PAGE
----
David R. Blumenthal is Jay and Leslie Cohen Professor of Judaic Studies at Emory University. He has contributed greatly to the growth of Jewish Studies, the place of Judaism in Religious Studies, interreligious dialogue, and the reframing of Judaism in light of the Holocaust, postmodernism, and poststructuralism. For Blumenthal, theology is an ongoing reflection about everything we believe and do in the context of the living tradition.
There is widespread belief that connectionist networks are dramatically different from classical or symbolic models. However, connectionists rarely test this belief by interpreting the internal structure of their nets. A new approach to interpreting networks was recently introduced by Berkeley et al. (1995). The current paper examines two implications of applying this method: (1) that the internal structure of a connectionist network can have a very classical appearance, and (2) that this interpretation can provide a cognitive theory that cannot be (...) dismissed as a mere implementation. (shrink)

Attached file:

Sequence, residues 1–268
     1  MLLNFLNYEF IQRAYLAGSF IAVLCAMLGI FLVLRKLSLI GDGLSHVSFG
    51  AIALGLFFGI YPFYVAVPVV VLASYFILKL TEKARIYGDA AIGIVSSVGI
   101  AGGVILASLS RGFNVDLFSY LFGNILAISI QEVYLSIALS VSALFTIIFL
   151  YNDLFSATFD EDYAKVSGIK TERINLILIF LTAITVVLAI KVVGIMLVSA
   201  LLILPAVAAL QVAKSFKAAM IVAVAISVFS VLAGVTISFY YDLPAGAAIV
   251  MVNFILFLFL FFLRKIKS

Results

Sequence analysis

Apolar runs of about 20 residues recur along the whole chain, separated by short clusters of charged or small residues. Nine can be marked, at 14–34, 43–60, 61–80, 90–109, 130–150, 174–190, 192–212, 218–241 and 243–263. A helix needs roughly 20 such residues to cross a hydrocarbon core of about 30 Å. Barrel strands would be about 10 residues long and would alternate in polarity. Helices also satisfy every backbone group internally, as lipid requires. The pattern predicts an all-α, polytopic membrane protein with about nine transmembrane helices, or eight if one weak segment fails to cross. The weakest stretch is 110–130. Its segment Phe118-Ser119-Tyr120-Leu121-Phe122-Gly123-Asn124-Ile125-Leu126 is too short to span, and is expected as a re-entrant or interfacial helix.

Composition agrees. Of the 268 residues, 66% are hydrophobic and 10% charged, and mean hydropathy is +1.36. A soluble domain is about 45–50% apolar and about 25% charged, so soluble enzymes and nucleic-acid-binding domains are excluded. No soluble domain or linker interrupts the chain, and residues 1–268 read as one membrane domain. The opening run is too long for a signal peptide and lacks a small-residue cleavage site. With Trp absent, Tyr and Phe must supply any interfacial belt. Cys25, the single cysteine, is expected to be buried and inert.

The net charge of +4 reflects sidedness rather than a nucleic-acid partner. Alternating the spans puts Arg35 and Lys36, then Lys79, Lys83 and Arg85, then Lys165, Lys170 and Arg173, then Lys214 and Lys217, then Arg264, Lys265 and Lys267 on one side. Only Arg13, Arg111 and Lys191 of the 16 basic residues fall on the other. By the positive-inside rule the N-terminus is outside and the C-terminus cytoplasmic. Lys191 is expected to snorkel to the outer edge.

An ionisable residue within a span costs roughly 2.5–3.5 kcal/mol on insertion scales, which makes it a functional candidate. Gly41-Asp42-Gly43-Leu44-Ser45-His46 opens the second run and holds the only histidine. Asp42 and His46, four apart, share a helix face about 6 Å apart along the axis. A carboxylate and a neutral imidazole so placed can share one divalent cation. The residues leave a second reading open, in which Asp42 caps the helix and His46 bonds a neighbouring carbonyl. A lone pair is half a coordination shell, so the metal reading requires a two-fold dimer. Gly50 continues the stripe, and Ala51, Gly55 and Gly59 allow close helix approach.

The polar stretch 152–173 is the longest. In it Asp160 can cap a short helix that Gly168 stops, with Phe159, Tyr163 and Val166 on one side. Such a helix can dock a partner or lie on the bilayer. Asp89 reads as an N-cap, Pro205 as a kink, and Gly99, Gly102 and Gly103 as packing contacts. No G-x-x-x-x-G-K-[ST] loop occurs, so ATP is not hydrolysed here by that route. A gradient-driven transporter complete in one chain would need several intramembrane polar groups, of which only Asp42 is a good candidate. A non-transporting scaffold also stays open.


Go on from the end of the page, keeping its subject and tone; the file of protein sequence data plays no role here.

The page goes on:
This article uses Public Use Microsample data drawn from the 1990 census to explore the relationship between military presence, defined as the percentage of the local labor force in the active-duty armed forces, and women's employment and earnings across local labor market areas in the United States. Comparisons of local rates of unemployment and mean women's earnings are made between those LMAs in which the military plays a disproportionate role in the local labor market and those in which military presence (...) is low. Results suggest that women who live in labor market areas with a substantial military presence have, on average, lower annual earnings and higher rates of unemployment than their counterparts who live in nonmilitary LMAs. The argument is made that through the interaction of several socially situated conditions—including gender, family, labor markets, human capital, and place—the military emerges as a source of inequality in labor market outcomes for women working on or around military installations. (shrink)